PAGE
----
The answer is obviously affirmative. But what should be done to achieve that goal? The problem is that Russia has yet to perform a true evaluation of its past strategies and policies, and has simply taken habits and practices inherited from Soviet times for granted. One such policy is the closed nuclear fuel cycle that Russia employs—taking spent nuclear fuel, reprocessing it at great danger to the environment and proliferation, and putting the separated uranium and reactor grade plutonim back into use. Is it this an effective strategy for Russias beleaguered nuclear industry that can barely keep up with its reprocessing back-log at Mayak? Nobody among Russias top nuclear brass has ever even tried to answer this question. Meanwhile, the current Plutonium disposition agreement—should it overcome its current liability deadlock—stipulated the destruction of only 34 tonnes of Russias estimated stockpile of 100 to 150 tonnes of weapons grade plutonium. What is to become of the rest?
These questions remain unanswered, and will remain so as long as such policy questions are not evaluated in Moscow and no clear political decision has been made. There have been "concepts" forwarded by Russias current nuclear industry authority, Rosatom, but they are arguable on many points, even within the nuclear community itself. It must be asserted therefore that no political decision is in place.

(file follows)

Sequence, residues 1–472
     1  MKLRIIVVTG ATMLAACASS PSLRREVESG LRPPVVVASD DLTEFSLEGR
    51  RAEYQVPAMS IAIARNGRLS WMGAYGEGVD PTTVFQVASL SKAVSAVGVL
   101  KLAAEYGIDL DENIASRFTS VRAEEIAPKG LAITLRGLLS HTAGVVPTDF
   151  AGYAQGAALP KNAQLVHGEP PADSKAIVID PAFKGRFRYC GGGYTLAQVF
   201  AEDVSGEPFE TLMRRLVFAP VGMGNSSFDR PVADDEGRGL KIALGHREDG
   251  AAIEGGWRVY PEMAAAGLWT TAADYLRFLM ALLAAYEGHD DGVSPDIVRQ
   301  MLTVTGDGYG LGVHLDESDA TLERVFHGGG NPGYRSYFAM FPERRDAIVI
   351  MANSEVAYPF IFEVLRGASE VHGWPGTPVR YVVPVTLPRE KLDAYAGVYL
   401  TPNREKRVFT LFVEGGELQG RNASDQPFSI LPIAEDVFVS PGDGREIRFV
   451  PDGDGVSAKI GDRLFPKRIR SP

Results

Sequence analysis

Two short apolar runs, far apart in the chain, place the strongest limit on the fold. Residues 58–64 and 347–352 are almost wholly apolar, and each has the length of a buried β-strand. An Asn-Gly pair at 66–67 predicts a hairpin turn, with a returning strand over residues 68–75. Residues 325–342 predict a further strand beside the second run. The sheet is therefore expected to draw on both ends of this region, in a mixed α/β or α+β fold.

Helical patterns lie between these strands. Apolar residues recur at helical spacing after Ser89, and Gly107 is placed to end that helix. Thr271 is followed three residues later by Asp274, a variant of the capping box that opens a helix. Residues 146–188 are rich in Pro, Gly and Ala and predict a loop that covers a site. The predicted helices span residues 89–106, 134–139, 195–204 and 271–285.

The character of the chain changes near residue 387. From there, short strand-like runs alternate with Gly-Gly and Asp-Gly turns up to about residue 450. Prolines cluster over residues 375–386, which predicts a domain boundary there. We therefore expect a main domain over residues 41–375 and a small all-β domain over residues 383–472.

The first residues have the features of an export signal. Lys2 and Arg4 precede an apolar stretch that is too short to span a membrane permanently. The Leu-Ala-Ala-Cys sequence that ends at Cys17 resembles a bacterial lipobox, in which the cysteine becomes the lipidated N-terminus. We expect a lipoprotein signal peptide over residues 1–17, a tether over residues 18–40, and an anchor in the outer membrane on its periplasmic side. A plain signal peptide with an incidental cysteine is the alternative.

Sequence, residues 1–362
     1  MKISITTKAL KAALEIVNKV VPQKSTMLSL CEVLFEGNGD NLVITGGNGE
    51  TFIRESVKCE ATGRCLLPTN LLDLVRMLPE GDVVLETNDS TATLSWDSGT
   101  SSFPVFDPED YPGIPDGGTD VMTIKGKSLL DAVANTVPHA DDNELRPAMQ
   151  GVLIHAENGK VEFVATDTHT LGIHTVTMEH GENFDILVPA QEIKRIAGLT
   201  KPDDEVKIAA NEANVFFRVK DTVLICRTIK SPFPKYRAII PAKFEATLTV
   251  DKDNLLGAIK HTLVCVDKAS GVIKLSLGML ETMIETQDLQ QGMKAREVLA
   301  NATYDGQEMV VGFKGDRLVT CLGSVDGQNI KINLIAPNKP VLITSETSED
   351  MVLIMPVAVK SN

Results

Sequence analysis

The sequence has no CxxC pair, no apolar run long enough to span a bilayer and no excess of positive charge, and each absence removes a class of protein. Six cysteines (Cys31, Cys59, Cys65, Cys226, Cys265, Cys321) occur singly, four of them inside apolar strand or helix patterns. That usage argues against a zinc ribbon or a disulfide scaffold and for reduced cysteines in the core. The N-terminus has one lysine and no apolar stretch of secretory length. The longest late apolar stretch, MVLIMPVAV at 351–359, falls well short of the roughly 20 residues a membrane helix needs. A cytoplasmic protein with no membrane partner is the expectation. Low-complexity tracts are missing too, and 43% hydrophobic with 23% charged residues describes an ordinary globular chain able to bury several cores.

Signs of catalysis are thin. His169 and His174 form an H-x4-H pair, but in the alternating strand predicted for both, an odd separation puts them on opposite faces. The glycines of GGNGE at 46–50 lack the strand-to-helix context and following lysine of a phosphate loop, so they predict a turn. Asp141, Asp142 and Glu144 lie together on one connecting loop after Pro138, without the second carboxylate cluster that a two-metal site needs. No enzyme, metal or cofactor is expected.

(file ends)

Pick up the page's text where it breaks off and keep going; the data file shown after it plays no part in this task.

The lack of policy decisions in Moscow have led to roadblocks in a large number of US led programs, as well as European programs.
To resolve this issue the EBRD has launched a project to create a so-called Master Plan for nuclear remediation of Northwest Russias limping nuclear infrastructure. The resultant Master Plan for Northwest Russia produced by Moscow fell short of expectations. The paper produced by Russian counterparts contained a methodically prioritised list of projects or areas of urgency. But there was a pronounced lack of comparisons to similar problems, and questions of what to do with Russias mounting stock of spent nuclear fuel were not elaborated upon.
Russia should be encouraged to make clear, reason-based policies—a Master Plan for the whole Russia. Only then it will be clear how and what projects will work and whether they will be effective in the long run. Russia should also be encouraged to spend funds received from such philanthropic agreements as the HEU-LEU agreement for the safety and restructuring, rather than on the mere survival of Cold War era enterprises.
Such policies will also create a clear picture on whether a particular project genuinely contributes to Russias nuclear security, instead of the Russian nuclear industry’s corporate ambition.